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Win32

P: n/a
Hello everyone!

When I start a "Win32 Project" with Microsoft's Visual C++ I can't
produce any output by using my "normal" C++ code that I would use in a
console application. First, I'm not sure if i place my code in the
right position, but I think I'm right as I don't get any error
messages and the comments by Visual C++ tell me the right place:

-----------------------------------------------------------------------------------

[...]

int APIENTRY _tWinMain(HINSTANCE hInstance,
HINSTANCE hPrevInstance,
LPTSTR lpCmdLine,
int nCmdShow)
{
UNREFERENCED_PARAMETER(hPrevInstance);
UNREFERENCED_PARAMETER(lpCmdLine);

// TODO: Place code here.

cout << "This is a test!";

[...]

}

[...]

-----------------------------------------------------------------------------------

When I compile this I just get an empty win32 window, and there's
nowhere written "This is a test!". I also included all necessary
header files, and didn't change nothing from the "main code" already
written by Visual C++, I just added "cout << "This is a test!" ".

Flingor

Aug 6 '07 #1
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4 Replies


P: n/a
fl*****@gmail.com wrote:
Hello everyone!
You have come to the wrong place, try a windows programming group.

--
Ian Collins.
Aug 6 '07 #2

P: n/a
fl*****@gmail.com wrote:
When I start a "Win32 Project" [...]
It's a sad feature of MS Windows: when a program uses GUI, output to console
is hidden. The same happens with Java Swing programs.

Aug 6 '07 #3

P: n/a

Alf P. Steinbach <al***@start.nowrote in message...
* fl*****@gmail.com:
Hello everyone!
When I start a "Win32 Project" with Microsoft's Visual C++ I can't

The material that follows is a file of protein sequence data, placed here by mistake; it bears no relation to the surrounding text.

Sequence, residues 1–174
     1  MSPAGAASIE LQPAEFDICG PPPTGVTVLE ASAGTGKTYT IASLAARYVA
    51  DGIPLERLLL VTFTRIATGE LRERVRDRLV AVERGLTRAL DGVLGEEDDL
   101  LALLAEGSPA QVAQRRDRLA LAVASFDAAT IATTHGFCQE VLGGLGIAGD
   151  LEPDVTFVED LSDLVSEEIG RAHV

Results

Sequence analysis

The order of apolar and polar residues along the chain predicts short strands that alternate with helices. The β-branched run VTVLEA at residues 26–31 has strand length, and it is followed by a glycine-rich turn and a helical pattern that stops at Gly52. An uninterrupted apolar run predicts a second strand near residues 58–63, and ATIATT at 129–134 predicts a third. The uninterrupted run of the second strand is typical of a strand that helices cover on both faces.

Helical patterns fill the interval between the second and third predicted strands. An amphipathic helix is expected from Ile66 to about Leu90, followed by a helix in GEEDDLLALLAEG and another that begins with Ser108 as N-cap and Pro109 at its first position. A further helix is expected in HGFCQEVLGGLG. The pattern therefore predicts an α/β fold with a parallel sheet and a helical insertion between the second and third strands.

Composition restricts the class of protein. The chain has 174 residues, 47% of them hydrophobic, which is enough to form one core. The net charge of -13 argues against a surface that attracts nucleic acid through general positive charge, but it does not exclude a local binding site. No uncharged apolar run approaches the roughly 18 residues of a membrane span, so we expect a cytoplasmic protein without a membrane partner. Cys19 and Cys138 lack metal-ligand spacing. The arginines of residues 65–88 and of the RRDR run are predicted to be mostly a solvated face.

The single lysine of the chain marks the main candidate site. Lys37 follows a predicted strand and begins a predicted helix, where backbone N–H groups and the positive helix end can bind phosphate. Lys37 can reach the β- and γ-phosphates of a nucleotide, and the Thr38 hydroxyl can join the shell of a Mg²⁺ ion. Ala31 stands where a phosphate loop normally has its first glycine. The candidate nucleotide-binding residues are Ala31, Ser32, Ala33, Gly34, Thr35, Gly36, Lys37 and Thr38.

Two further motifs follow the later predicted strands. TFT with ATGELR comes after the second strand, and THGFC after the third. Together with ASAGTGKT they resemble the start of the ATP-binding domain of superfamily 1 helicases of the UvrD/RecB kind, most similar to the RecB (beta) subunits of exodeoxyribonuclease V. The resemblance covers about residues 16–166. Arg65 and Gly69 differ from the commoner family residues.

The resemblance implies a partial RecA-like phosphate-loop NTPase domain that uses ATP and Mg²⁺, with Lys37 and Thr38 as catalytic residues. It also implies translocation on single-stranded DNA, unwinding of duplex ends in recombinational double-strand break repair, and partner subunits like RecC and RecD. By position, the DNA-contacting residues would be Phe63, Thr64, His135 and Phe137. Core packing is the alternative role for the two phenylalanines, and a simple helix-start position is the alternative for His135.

produce any output by using my "normal" C++ code that I would use in a
console application. First, I'm not sure if i place my code in the
right position, but I think I'm right as I don't get any error
messages and the comments by Visual C++ tell me the right place:
--------------------------------------------------------------

[...]

int APIENTRY _tWinMain(HINSTANCE hInstance,
HINSTANCE hPrevInstance,
LPTSTR lpCmdLine,
int nCmdShow){
UNREFERENCED_PARAMETER(hPrevInstance);
UNREFERENCED_PARAMETER(lpCmdLine);
// TODO: Place code here.

cout << "This is a test!";

[...]
}
[...]
-------------------------------------------------------------------
When I compile this I just get an empty win32 window, and there's
nowhere written "This is a test!". I also included all necessary
header files, and didn't change nothing from the "main code" already
written by Visual C++, I just added "cout << "This is a test!" ".

Answer's too long to include here (although it's likely that others will
provide technically inaccurate and misleading short answers);
You mean like:

// in main() or ?

MessageBox( 0, "This is a test!", "Hello World",
MB_OK | MB_ICONINFORMATION );

--
Bob <GR
POVrookie
Aug 6 '07 #4

P: n/a
On Aug 6, 1:41 pm, Manuel T <man...@t.govwrote:
flin...@gmail.com wrote:
When I start a "Win32 Project" [...]
It's a sad feature of MS Windows: when a program uses GUI, output to console
is hidden. The same happens with Java Swing programs.
Are you kidding? When I was developping a Java Swing
application under Windows, we regularly output debugging
messages to the standard out or standard error. No problem.

Alf's got an exceptionally good page on this; regretfully, I
don't have the URL on this machine, but maybe he'll cite it
again for us. I'd consider it required reading for anyone doing
Windows programming.

--
James Kanze (GABI Software) email:james.kanze:gmail.com
Conseils en informatique orientée objet/
Beratung in objektorientierter Datenverarbeitung
9 place Sémard, 78210 St.-Cyr-l'École, France, +33 (0)1 30 23 00 34
Aug 6 '07 #5

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